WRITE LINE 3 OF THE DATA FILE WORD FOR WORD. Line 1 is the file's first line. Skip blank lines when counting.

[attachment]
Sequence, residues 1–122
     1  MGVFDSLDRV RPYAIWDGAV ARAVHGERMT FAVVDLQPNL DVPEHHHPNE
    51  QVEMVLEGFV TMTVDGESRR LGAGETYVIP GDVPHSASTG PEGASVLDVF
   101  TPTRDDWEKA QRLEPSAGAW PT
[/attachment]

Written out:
    51  QVEMVLEGFV TMTVDGESRR LGAGETYVIP GDVPHSASTG PEGASVLDVF